There is discord in the Irish Catholic Church, tension between priests who live beside and converse with their parishioners and church leaders who increasingly seem intent on no conversation at all and in slamming shut the doors and windows through which any and all changes blow.
Is change for its own sake a good thing? Well, you could argue either way on that, and when it comes to the world’s largest Christian institution there is never any lack of issues to argue over.
Two hardy annuals concern the ordination of women and the question as to whether priests, all men of course, should be allowed to marry and continue to work in Holy Orders.
Before anything else is said it is pertinent to say that there are already married Roman Catholic priests working hand in glove with Rome. Many of them are in the United States, former Episcopalian clergy members who switched sides and are permitted to practice as Roman Catholic clergy. Also, widowers with children are not barred from donning the Roman Collar.
So regardless of what the Vatican actually says about tradition, the overarching principle has already been conceded with regard to marriage and the priesthood.
With regard to the ordination of women, the Vatican points to the church tradition going all the way back to the apostles, all of them men. Supporters of women priests point to the fact that after the Crucifixion, the apostles hid themselves while it was women followers of Jesus who went to the tomb.
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But who stepped up and who did not is not really at the heart of the issue. What is at its heart is the less than full role that women have been permitted to play in the church since its foundation. There is high praise for women, sure, and a lot of sops. But, even at a time when the male priest is in rapid and visible decline in terms of numbers, the idea that women are suitable for Holy Orders remains anathema to male-dominated enclave that is the Vatican.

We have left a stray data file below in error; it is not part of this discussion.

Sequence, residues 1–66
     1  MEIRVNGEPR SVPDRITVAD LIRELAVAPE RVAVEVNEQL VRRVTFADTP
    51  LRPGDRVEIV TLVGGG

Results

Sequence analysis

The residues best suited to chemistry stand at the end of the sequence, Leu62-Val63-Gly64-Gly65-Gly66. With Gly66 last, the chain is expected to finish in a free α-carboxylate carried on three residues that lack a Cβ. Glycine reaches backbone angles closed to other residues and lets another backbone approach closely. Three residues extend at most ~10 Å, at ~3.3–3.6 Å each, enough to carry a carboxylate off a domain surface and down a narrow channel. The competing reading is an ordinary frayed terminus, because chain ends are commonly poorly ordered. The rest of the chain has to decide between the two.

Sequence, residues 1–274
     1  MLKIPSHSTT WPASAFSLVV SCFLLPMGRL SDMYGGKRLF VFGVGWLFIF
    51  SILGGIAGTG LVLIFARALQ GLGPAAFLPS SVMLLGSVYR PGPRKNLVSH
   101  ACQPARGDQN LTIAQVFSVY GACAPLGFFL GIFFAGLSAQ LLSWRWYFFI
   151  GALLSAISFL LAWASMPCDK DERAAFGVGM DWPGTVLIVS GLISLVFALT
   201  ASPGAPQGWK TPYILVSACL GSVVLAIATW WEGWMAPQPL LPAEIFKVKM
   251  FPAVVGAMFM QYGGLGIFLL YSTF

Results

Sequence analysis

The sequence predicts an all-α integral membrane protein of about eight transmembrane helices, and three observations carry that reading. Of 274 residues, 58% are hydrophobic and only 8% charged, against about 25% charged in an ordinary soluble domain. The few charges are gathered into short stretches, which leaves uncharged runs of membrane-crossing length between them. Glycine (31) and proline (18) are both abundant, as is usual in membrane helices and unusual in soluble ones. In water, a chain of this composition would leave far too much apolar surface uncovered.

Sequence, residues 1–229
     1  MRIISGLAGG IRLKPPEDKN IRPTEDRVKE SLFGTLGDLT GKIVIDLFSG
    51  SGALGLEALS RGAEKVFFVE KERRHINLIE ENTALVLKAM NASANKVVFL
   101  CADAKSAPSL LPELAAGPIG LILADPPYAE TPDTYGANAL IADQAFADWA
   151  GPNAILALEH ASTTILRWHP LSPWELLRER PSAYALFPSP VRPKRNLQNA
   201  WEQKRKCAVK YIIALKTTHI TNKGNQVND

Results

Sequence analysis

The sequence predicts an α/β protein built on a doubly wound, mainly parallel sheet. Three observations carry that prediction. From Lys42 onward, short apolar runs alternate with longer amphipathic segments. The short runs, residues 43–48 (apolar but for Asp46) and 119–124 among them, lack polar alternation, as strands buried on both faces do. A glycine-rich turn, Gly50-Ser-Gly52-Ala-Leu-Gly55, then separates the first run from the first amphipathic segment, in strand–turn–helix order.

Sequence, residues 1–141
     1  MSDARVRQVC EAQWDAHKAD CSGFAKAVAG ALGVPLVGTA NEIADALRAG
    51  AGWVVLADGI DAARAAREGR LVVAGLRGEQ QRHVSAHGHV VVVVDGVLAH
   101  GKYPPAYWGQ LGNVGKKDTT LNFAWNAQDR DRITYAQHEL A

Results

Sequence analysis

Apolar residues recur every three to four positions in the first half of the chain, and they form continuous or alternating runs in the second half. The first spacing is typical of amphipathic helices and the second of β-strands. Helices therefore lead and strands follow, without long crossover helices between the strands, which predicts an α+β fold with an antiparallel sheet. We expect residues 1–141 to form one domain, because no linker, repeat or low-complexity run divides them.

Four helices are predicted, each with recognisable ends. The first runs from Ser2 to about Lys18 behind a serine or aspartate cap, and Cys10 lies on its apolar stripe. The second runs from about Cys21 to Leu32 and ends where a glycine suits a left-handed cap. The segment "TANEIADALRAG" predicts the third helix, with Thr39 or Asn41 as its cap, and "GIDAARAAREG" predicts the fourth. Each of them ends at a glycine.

Interestingly, Ireland, long noted for its adherence to tradition, is fast becoming a focal point for the debate over the future of the priesthood. This has lately reached new heights with the Vatican’s disciplining of Fr. Tony Flannery and the outraged reaction of many of his clerical colleagues, indeed over 800 of them, in the ranks of the Association of Catholic Priests.
Fr. Flannery, a member of the Redemptorists – an order which is known in Ireland for speaking volubly more than adherence to any vow of silence – has been ordered by the Vatican to spend six weeks in a monastery for spiritual and theological reflection, this as a result of his open-mindedness with regard to priests being allowed marry, and women being ordained as priests.
It will be interesting to hear what Fr. Flannery thinks after his sojourn. Given the support from his fellow priests and the sentiments of most Catholics in Ireland, this gleaned from a recent survey carried out by the ACP, he is far from being alone in at least calling for a meaningful discussion within the church.
The bottom line for the Irish church is that in a very few years, no more than 20, the sight and sound of an Irish priest on the island will be a rare one. Bringing in priests from other countries will plug the gaps in the ranks to a degree, but that will only lead to stresses and strains elsewhere in an institution that is global in every sense of the term
So, what will change first, the rules with regard to marriage in the priesthood or ordination of women? This question is entirely relevant and sensible because if there is one thing certain, and this is barring a miracle, the priesthood is lately an institution staring at a most uncertain future, if a future at all.